Ambitious amateur pianists primarily remember the Norwegian composer Christian August Sinding (1856-1941) for his Frühlingsrauschen (Rustle of Spring) Op. 32, No. 3. However, during his lifetime he was not only considered the musical heir to his compatriot Edvard Grieg, but also Norway’s most famous composer. His music was performed all over Europe, and he was even appointed a member of the “Academy of Arts” in Berlin in 1909. In that year, only two candidates were accepted, namely Sinding and Puccini. Although Sinding composed four symphonies, three concertos, a large number of chamber and concert works, his name is permanently linked with the third piano piece from his Op. 32 set. Frühlingsrauschen was written in 1896 and subsequently published by a large number of publishing houses in Europe and the USA. Sadly, with copyright laws still in its infancy, Sinding got virtually no compensation related to performances and the sales of his music.
Christian Sinding: 6 Stücke, Op. 32 “Frühlingsrauschen”
Sinding was born in Kongsberg, but after his father’s death, the family moved to Kristiania, aka Oslo. Regular schooling was not to his taste, and he eventually moved to Leipzig and became a student at the famed conservatory. A capable violinist, it soon became clear that he had a major talent for composition. Regular grants from the Norwegian government allowed Sinding to further his studies in Munich, and he made his musical breakthrough with his Piano Quintet Op. 5. First performed in Leipzig by the legendary Brodsky quartet, it also featured Ferruccio Busoni at the piano. A local critic wrote, “The work demonstrates in all of its four movements a simply astounding talent for invention and combination as well as a wonderful sense of sound effect. At the same time, the ideas are so masterfully disposed and such a splendid opposition of themes is in evidence throughout, that one cannot cease to voice one’s admiration for this very important musical talent that expresses itself, daring and individual everywhere.”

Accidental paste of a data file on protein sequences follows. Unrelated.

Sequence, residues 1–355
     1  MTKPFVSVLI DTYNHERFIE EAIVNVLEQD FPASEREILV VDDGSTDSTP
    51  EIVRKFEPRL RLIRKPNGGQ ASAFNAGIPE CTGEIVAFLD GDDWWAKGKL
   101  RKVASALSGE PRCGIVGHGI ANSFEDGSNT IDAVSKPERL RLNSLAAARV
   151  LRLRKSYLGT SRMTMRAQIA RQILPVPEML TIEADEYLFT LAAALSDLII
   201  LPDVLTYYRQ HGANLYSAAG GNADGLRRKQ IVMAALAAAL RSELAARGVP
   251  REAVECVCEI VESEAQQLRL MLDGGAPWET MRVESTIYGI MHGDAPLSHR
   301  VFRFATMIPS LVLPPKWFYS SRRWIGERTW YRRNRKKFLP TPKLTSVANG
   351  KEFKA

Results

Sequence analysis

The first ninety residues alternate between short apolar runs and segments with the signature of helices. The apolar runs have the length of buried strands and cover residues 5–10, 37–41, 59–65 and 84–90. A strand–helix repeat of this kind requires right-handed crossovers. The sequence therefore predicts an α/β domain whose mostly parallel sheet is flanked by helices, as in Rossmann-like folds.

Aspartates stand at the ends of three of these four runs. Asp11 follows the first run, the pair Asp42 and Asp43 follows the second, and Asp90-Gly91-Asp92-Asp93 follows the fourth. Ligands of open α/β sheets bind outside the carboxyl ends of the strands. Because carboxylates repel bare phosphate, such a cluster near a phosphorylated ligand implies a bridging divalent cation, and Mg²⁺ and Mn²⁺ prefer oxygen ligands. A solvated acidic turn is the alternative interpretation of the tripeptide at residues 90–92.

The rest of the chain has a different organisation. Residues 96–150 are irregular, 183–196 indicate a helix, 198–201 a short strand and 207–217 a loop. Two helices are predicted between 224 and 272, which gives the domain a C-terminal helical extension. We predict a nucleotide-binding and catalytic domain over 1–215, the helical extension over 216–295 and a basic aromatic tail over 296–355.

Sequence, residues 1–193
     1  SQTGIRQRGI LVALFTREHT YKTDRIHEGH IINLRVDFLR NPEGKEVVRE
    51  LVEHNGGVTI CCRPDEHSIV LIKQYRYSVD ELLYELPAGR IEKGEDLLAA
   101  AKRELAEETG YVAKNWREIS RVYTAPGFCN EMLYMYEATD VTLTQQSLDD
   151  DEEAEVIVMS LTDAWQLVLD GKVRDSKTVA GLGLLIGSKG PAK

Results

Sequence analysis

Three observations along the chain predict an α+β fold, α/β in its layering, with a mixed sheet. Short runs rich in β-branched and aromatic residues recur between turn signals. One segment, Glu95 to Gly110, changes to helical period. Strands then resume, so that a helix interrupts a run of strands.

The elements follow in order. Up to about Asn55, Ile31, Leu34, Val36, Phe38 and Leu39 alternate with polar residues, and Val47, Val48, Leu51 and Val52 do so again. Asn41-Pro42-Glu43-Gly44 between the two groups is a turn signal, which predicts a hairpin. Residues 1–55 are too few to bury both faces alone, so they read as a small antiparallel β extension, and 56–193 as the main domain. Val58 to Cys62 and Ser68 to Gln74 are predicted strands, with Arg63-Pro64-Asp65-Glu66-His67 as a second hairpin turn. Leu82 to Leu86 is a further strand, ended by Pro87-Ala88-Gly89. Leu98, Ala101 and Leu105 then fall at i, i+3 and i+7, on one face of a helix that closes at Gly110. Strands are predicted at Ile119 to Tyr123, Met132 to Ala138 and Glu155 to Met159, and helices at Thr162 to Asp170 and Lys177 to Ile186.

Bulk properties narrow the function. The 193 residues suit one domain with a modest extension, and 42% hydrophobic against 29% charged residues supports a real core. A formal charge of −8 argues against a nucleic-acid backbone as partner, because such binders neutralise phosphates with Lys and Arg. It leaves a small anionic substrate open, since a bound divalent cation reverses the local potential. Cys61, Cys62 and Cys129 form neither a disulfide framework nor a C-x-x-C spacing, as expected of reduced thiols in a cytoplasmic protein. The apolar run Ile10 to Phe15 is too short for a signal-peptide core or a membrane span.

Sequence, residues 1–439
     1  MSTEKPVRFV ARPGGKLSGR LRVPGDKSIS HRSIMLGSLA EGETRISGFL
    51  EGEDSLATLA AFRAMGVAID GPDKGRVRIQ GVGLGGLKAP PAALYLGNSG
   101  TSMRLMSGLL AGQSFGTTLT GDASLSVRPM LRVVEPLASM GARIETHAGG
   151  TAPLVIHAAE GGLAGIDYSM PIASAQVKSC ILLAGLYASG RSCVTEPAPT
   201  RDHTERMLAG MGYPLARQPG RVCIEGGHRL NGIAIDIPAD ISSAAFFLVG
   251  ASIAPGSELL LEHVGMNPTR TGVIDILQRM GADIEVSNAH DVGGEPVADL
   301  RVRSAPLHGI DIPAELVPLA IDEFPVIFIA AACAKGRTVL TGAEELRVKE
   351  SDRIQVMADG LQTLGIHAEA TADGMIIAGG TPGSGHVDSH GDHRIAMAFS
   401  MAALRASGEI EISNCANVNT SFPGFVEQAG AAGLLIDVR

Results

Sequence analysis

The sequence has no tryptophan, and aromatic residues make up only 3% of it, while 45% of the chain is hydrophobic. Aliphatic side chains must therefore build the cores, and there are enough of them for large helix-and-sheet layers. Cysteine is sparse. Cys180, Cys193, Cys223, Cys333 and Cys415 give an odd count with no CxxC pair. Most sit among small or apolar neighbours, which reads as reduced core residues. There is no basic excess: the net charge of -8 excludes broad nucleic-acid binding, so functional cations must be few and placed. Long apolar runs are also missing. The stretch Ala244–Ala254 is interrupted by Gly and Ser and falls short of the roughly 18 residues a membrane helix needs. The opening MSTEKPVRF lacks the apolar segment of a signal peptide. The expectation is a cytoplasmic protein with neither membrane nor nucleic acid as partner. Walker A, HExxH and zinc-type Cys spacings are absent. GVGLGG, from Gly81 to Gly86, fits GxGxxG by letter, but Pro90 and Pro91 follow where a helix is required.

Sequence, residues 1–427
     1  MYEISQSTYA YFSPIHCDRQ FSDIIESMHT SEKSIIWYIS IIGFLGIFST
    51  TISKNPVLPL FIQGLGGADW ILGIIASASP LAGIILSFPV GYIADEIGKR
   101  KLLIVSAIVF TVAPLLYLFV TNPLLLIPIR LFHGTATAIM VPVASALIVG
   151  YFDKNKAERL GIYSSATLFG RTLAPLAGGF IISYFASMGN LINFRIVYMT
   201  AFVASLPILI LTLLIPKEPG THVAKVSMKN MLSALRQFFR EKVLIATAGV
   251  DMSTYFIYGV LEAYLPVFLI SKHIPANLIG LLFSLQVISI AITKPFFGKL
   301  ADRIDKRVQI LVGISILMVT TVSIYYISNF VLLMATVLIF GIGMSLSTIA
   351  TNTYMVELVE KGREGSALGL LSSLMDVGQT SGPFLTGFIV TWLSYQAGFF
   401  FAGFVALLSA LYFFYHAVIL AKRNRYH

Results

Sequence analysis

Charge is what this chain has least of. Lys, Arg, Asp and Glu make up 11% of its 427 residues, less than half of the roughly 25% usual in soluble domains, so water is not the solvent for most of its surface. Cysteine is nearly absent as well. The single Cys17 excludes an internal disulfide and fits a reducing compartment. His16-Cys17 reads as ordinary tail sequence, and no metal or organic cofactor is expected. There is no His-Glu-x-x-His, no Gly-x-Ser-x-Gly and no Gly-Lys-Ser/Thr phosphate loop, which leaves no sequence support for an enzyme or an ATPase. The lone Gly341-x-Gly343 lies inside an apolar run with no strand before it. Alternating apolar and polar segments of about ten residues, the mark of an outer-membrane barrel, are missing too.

Christian Sinding: Piano Quintet in E minor, Op. 5
The quintet was championed by Tchaikovsky and Sibelius, and received 30 performances in 19 cities on 2 continents over the next three years. It certainly established Sinding’s short-lived claim to fame. He was recognized as the “greatest national composer since Grieg,” and appointed at the Eastman School of Music in Rochester, New York, for the 1920-1921 academic year. Since Sinding consistently composed in a late-romantic style, he was mercilessly and heavily criticized for not expanding his musical expression. Critics wrote, “We have seldom countered anything more monstrous before, anything that more defies musical logic and causality or indeed plain common sense and good taste. Sinding readily absorbs outside influences without distinguishing between that which is worth of imitation and that which is not.” True enough, Singing’s tuneful and attractive musical style consistently relied on the models of Schumann, Liszt, Strauss and Wagner.
Christian Sinding: Romance in D Major, Op. 100
During the final decades of his life, Sinding engaged with larger forms and composed four symphonies. His third essay in the symphonic genre seemingly takes its musical bearing from Wagner’s Meistersinger, and features a luxurious slow movement. Sinding also wrote about 250 songs, and he is considered one of the greatest Scandinavian creators of art songs. Despite these critical accolades and an extensive musical catalogue, Sinding’s music has almost completely disappeared from the concert stage. The reason, as we might well suspect, has nothing to do with the quality of his music. Rather, Sinding supposedly joined the Norwegian Nazi party a couple of weeks before his death. Recent research has shown, however, that the application to join the NS was never signed by Sinding himself, and that he was “registered as a member involuntarily.” His reputation, however, has never recovered.
Christian Sinding: Symphony No. 3 in F Major, Op. 121